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11 Books for the Smart Justice Generation

BLOGS | 12th October 2021

To celebrate the launch of the #SmartJusticeGeneration hub, we’ve teamed up with brilliant book blogger Rebecca Brown AKA That Bloody Woman Reads to curate this (mostly Scottish!) list of suggested reading for those interested in social justice.

The list is deliberately varied; a mixture of fiction, non-fiction, essays, short stories and poetry. Follow Rebecca on Instagram for more brilliant book reviews and suggestions. Happy reading!

Community Justice Scotland is on a mission to make useful resources accessible to anyone who needs them. The #SmartJusticeGeneration hub is a one-stop shop for anyone with an interest in social justice.

1. Happiness is Wasted on Me by Kirkland Ciccone

‘This is a novel about where and how we live and the ways in which we choose and refuse to tell the stories that shape us. Ciccone’s writing asks big questions about whether we can freely create the lives we choose to live. This is a novel that peeks its head around many closed doors but is ultimately a celebration of greater Glasgow and its ugly parts — poverty, violence, dark humour and complicated domestic lives.’

2. On Connection by Kae Tempest

‘Tempest examines the duality of who we actually are and who we would like to be through the ways in which we cope with the moveable parameters of our lives. This is a book about becoming a better reader of and listener to other people in the hope that human connection can happen anywhere. Tempest proves that what connects us is invariably more powerful than what divides.’

3. Slug by Hollie McNish

‘This is a book of multiple forms — a mixture of prose, poetry, short stories and essays — that covers topics such as contemporary motherhood, lockdown, grief, sex and, ultimately, being human. McNish writes about the trails we leave behind and the choices we make as we move forward in a way that will make many of us feel seen. Highly recommended — and it’s filthy drop dead gorgeous.’

4. Mayflies by Andrew O’Hagan

‘This is a novel about the daft and romantic vitality of youth, following a band of bottle-sharing brothers as they take their own particular measures against the struggle to live a complete life. O’Hagan explores dreams of newness, of mourning and memory and the wish to separate from home, from which identity is almost always inextricably linked. A journey to the interior of male fragility, O’Hagan proves that difficult things do not cancel out other difficult things as we get older. The most moving novel I’ve read in a long time.’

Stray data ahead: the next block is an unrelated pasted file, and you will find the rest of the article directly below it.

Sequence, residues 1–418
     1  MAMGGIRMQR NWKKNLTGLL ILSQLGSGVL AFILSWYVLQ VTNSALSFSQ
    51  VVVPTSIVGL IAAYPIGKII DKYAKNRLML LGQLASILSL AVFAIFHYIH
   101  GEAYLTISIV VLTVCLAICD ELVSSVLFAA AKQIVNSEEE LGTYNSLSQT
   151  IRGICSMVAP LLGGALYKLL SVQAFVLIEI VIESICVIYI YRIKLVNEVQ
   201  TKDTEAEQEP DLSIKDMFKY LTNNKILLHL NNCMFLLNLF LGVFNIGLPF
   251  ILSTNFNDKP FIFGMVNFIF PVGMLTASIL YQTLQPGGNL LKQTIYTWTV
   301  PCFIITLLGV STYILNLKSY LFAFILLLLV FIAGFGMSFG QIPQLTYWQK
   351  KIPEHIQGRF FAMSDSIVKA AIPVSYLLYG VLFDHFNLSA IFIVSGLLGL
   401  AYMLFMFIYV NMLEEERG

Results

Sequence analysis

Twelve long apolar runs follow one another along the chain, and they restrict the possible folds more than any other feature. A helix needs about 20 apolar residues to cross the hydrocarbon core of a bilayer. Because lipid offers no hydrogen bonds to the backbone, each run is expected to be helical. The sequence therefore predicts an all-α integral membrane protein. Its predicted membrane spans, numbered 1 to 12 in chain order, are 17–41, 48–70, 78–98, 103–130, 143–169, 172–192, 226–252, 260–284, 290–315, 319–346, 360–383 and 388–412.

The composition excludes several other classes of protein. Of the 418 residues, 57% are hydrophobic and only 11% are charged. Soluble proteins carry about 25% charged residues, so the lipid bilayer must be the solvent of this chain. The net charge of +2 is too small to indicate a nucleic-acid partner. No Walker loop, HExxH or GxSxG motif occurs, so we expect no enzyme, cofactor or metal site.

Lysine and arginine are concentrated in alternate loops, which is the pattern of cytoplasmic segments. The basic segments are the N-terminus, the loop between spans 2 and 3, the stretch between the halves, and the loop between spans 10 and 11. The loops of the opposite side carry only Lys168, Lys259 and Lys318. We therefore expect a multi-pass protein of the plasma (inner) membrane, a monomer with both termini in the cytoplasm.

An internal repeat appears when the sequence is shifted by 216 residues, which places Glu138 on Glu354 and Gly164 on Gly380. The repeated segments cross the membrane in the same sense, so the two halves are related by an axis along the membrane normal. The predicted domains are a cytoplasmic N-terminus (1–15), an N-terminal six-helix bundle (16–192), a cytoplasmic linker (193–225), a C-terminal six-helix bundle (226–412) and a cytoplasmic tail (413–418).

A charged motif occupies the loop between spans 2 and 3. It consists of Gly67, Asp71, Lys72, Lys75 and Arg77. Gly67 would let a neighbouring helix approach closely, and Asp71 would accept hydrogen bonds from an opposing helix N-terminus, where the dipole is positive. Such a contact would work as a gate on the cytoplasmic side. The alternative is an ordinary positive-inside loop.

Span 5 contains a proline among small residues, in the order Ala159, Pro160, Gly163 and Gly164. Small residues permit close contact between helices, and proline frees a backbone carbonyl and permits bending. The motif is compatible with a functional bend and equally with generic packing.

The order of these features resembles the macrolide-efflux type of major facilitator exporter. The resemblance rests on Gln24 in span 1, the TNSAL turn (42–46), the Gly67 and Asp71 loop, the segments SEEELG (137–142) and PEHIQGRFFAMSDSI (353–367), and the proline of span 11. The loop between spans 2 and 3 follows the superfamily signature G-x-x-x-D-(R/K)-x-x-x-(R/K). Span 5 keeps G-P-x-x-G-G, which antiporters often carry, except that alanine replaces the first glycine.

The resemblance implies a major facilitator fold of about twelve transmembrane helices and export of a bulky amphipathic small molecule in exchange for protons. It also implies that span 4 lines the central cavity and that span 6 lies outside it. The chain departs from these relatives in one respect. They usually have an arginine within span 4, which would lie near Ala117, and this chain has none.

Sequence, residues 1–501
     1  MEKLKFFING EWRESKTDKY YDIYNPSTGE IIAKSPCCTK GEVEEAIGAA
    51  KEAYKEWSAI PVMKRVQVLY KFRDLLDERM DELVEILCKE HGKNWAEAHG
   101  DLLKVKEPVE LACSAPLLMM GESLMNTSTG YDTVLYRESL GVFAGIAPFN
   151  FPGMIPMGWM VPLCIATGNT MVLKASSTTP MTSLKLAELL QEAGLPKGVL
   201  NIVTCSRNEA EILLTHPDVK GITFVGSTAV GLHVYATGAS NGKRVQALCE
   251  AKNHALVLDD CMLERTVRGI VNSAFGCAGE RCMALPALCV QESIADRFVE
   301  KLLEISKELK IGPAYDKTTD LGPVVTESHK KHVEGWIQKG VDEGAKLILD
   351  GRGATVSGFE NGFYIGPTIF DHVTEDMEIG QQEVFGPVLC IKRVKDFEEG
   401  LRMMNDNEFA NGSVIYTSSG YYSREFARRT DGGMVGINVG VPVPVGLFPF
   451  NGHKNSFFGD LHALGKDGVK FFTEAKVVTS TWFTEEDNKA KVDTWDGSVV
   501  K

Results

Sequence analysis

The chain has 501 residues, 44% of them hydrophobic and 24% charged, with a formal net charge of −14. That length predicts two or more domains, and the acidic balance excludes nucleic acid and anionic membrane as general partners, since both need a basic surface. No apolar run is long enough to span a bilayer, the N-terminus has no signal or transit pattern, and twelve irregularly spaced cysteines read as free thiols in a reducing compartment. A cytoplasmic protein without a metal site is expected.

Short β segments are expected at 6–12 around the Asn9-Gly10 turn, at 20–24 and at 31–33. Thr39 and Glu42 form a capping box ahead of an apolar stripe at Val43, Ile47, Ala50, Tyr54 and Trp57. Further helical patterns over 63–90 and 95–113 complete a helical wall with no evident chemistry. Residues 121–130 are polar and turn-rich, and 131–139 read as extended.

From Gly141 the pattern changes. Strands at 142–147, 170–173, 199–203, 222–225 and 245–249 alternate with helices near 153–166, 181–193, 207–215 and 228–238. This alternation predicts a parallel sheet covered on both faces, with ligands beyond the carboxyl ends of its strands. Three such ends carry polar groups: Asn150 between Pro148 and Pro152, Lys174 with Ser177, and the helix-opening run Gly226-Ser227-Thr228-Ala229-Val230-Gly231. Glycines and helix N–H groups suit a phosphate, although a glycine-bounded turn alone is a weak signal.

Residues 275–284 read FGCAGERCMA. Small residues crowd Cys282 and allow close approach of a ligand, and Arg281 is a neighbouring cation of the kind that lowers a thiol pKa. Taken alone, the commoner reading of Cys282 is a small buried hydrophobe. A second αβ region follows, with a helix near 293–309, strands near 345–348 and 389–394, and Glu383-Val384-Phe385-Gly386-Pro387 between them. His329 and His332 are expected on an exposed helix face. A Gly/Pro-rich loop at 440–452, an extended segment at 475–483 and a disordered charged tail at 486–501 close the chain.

5. Duck Feet by Ely Percy

‘This is an episodic novel about growing up in the mid-naughties in Glasgow. Brimming with the pressure of social expectation, Percy offers an important portrayal of the richness of working class lives in fiction told through teenage eyes. Percy’s writing gives the gravity and the silliness of adolescence equal weight as their characters struggle to navigate and invariably lack the agency to resist the influences that govern their lives — the internet, drugs, poverty, body image, peer pressure, grief.’

6. Shuggie Bain by Douglas Stuart

‘This is a novel all about 1980s Glasgow; its furloughed dreams and deep rooted prejudices; about love that’s tested and love that’s conflicted – gone wrong, denied or misunderstood. Stuart offers unapologetic vignettes of compassion, bravery and horrific roaring violence from Glasgow’s insulated and isolating housing schemes as his characters struggle to survive within and invariably lack the agency to fight against the structures of oppression that contain them. Despite the specificity of time and place, this is ultimately a universal story of the resilience of the human spirit and putting on a brave face for the world.’

7. Scabby Queen by Kirstin Innes

‘This is a novel about private lives colliding with public image. Like its unapologetically outspoken protagonist, this book does not shy away from big themes – of activism, protest, solidarity, feminism and working class politics – and what they mean in a world of increasingly information-fed madness.’

8. Don’t Touch My Hair by Emma Dabiri

‘I was completely fascinated by this book where hair becomes the living embodiment of a complex visual language. Part social history, part memoir, Dabiri shows that the scope of its concerns are also gendered, technological, philosophical and spiritual. Far from being “only” hair, this book proves that the very serious business of black hairstyling culture can be understood as an allegory for black oppression and, ultimately, liberation. Essential reading for everyone.’

9. Surge by Jay Bernard

‘This is a debut poetry collection that powerfully resonates in our current moment. Bernard brings together public narrative and private inner worlds to create an original exploration of contemporary black British experience. Functioning as a mirror of the present but with an unbearable sense of history repeating, I had to stop reading these (sometimes) difficult poems on multiple occasions.’

10. Let Me Tell You This by Nadine Aisha Jassat

‘This is a stunning poetry debut from one of my favourite Edinburgh-based poets. I heard Nadine tell some of these poems at an event last year and was amazed by the way she doesn’t hold back from questions about racism, dual heritage and gender-based violence.’

11. Hings by Chris McQueer

‘Hilariously uplifting, vibrant and surreal stories about working class Glasgow – this one felt like home. McQueer brings some dangerously relatable stories about Glasgow, my favourite Scottish city.’